```On Fri, Jan 11, 2002 at 08:30:07PM -0500, Mathieu Bouchard wrote:
>
> On Tue, 8 Jan 2002, Tomasz Wegrzanowski wrote:
> > On Mon, Jan 07, 2002 at 11:47:29AM -0500, Mathieu Bouchard wrote:
> > > On Fri, 4 Jan 2002, Tomasz Wegrzanowski wrote:
> > > I think you're better off defining a measure... well I don't know, but I
> > > wouldn't think of a problem space as continuous enough to warrant defining
> > > a density. The question would be "what is your total interest in this set
> > > of problems", that is, a power(Problems) -> R_{0+} function, such that it
> > > is homomorphic under addition (set addition is union presuming mutually
> > > exclusive sets), and M(x)+M(not x) = M(everything)...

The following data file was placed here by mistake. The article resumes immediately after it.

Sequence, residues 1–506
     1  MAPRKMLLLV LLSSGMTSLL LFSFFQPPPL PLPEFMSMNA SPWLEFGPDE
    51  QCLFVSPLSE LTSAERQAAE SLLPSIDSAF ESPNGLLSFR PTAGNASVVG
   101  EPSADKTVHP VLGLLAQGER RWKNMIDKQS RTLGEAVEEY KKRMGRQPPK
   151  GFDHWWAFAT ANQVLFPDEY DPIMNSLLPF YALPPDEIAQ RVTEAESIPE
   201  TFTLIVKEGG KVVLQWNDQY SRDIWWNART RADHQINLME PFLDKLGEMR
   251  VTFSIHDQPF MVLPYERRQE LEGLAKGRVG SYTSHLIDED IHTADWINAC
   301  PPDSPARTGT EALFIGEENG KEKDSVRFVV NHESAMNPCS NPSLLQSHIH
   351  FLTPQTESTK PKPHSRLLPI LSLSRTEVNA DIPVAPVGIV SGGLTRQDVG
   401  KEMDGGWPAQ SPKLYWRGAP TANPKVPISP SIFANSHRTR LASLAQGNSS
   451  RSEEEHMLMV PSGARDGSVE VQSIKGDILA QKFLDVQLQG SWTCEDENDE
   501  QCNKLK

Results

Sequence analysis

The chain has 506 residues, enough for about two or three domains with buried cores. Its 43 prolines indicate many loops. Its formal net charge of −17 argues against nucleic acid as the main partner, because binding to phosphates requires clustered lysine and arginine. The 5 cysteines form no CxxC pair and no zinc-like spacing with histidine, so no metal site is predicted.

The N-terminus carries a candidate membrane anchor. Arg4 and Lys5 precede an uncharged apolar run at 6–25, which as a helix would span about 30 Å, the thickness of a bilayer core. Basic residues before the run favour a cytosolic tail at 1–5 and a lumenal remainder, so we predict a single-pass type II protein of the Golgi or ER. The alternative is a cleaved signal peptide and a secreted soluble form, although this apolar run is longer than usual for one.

> > Problem space is at least dense, as you need dense set to
> > represent some of requirements that are part of your problem,
> > like all performance-related issues.
>
> Well, if a problem, to be solvable, has to be of finite length in a finite
> alphabet, then the problem space is discrete, even though it's
> theoretically infinite. If you think about real numbers that can be
> incorporated in the problem definition: the subset of the real numbers
> that can actually be written down (in whatever form) is countable. It's
> "bigger" than the Rational set just like the latter is "bigger" than the
> Integer set, but it's still countable.

Solution set is countable, problem set doesn't have to.
Problems are represented in human mind usually, without finite symbol alphabet.
Infinite number of problems can map into the same solution.

This discusion is quite esoteric :)
```